I don’t know that young man’s name, I don’t know if I will ever see him again, and I don’t know that I would recognize him if I did. He gave me the simple but momentous gift of kindness and taught me something about myself: I contain my own segregation. I carried it into that gathering. At the moment of my vulnerability, at the moment I let down my defenses, he bestowed unrestrained compassion.
* * *
Last month the New York Times published an essay in which I shared my life-long struggle with fear. In the online comments, some scoffed, some simply called me foolish, and some argued that I have no right to my fear. They pointed out that I live in a beautiful place, that I have a good-looking husband and a cat. They, thereby, proclaimed me unworthy of fear. I agree! That’s precisely what I tell my fear every morning: go away; you have no reason to be here. I am not deserving of your presence.
Others urged me to hang onto my fear, even suggesting I may not be fearful enough, especially when it comes to my physical surroundings. They told me the same thing the signpost that graces the trailhead near the Escalante River tells me: “You Could Die Out Here!” Precisely why wandering a vast, magnificent desert calms a person like me.
Many more readers—online and through email—reacted with the simple philosophy of kindness. I was stunned—perhaps naively so—by the sheer number of such messages I received. Some called me courageous for sharing my fear in a public way, informing me that fear and shame often operate as a pair, and, indeed, that was the message of the angry readers: you should be ashamed of your fear. Some wrote to me of their own struggles with paralyzing fear, irrational fear, fear that greets them every morning and haunts them throughout the day. Fear, it turns out, is democratic—it is not gender specific, it is not geographically specific. It does not care about skin color, sexual orientation, class, religion, profession, trade, talent, intellect, friends, family, love, or income level. No one is deserving of that kind of fear, and no one need be ashamed of that kind of fear. To those who reached out to me in the vein of kindness, thank you.
* * *
The other day, a friend of mine received a great review from Publishers Weekly for her forthcoming novel. I was truly happy for her, without qualification. I’m embarrassed to admit that for much of my life I’ve experienced petty jealousy with the good news of friends. I did not understand that joy can be shared, that there is plenty to go around. I did not understand that one person’s good fortune does not supplant another’s. Opportunities for joy should not be squandered. Same with kindness. If I don’t carry kindness in my soul, I have no way to receive it from others.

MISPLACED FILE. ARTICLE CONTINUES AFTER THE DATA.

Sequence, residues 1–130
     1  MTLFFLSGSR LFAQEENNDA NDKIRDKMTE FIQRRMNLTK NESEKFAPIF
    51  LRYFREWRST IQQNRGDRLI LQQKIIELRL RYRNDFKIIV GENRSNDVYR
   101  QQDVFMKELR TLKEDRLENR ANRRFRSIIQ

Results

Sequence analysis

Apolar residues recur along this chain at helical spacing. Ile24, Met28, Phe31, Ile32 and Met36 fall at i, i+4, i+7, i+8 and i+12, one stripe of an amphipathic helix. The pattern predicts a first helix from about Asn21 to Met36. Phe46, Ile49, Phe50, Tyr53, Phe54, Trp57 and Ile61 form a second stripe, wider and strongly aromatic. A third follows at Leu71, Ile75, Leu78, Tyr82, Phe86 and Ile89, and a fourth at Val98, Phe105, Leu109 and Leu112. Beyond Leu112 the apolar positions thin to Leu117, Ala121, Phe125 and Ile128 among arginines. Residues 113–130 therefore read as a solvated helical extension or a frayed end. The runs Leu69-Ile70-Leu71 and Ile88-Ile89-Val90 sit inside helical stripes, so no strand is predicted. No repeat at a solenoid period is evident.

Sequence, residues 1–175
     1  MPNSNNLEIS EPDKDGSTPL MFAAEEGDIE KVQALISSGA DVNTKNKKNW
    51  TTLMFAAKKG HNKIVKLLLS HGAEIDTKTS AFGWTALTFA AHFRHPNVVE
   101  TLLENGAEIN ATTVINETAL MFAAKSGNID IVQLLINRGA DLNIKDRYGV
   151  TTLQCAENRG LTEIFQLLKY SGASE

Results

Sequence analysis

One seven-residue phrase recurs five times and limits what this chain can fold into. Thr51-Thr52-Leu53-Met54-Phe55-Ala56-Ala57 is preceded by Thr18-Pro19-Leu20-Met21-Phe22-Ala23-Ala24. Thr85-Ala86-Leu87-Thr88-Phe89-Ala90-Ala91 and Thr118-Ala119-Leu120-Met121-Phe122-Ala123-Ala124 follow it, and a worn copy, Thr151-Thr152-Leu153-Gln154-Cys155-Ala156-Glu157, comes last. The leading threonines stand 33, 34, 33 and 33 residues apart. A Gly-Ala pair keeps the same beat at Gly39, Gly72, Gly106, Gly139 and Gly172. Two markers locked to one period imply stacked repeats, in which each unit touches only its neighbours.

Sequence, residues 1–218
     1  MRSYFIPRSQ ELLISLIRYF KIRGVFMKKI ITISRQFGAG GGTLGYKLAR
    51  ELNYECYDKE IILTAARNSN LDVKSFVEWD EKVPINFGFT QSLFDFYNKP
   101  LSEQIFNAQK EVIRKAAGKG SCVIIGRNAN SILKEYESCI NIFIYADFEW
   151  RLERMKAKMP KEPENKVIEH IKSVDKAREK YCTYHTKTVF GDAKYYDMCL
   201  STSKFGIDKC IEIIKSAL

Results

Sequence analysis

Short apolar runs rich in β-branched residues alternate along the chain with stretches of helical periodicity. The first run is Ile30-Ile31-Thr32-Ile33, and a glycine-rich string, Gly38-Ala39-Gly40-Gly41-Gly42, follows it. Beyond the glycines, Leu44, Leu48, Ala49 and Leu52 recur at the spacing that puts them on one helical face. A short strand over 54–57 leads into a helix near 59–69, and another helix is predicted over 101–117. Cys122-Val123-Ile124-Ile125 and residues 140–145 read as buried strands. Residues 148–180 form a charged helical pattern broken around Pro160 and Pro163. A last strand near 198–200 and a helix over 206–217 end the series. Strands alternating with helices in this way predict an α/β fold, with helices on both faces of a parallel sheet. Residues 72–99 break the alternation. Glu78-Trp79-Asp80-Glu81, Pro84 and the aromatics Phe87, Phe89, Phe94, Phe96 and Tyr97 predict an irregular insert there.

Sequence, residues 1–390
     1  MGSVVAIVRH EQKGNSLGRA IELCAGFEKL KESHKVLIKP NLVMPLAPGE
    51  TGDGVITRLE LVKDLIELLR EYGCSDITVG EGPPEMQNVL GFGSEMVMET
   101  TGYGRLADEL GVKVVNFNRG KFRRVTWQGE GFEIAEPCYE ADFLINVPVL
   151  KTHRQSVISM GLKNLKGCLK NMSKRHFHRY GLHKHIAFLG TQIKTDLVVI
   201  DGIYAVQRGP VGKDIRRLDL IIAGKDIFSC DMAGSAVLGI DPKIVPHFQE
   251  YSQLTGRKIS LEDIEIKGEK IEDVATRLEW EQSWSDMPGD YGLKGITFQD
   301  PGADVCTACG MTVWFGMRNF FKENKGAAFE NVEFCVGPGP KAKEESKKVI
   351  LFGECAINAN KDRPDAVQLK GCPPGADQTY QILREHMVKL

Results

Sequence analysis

* * *
Steve likes to run in the desert; I like to walk in the desert. Both of those things are made more pleasurable by the kindness of monsoons so we’ve been going out often—starting at different points and meeting in the middle. We typically go out after the monsoon has passed but the remnants linger—pools, quicksand, the scent of sage, and—if we’re lucky—waterfalls over slickrock. Sometimes we’re out when the monsoon arrives, so we tuck under an alcove to watch the storm through wide eyes and a panel of water or climb to the safety of high ground from which we watch the river rise, turn muddy, and gush below us.
Washed-smooth and moisture-packed sand is a joy to travel over. It requires no trudging; it’s like walking on a sponge. As I walk, I can’t stop myself from looking back at my perfectly formed footsteps, especially if I’m walking barefoot. I’m somehow fascinated by the way they follow me—teasing and fun, a playful existential game, but a game with a moral I’ve yet to figure out. Once while walking together in post-monsoon sand, Steve and I noticed that I—a smaller and slighter body—was leaving deeper prints than he. I attributed this to his lightness of spirit. So I continue to check the tracks behind me, expecting that one day I’ll turn and see no trace of myself.